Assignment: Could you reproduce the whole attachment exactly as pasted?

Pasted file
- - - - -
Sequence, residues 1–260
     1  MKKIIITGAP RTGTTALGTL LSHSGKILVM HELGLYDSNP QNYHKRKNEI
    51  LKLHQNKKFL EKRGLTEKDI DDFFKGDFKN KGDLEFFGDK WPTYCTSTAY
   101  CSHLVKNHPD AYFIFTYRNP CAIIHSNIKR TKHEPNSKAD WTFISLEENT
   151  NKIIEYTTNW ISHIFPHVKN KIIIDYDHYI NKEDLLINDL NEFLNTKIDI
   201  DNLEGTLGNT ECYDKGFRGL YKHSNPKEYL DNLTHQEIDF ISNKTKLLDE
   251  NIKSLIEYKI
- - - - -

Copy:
Sequence, residues 1–260
     1  MKKIIITGAP RTGTTALGTL LSHSGKILVM HELGLYDSNP QNYHKRKNEI
    51  LKLHQNKKFL EKRGLTEKDI DDFFKGDFKN KGDLEFFGDK WPTYCTSTAY
   101  CSHLVKNHPD AYFIFTYRNP CAIIHSNIKR TKHEPNSKAD WTFISLEENT
   151  NKIIEYTTNW ISHIFPHVKN KIIIDYDHYI NKEDLLINDL NEFLNTKIDI
   201  DNLEGTLGNT ECYDKGFRGL YKHSNPKEYL DNLTHQEIDF ISNKTKLLDE
   251  NIKSLIEYKI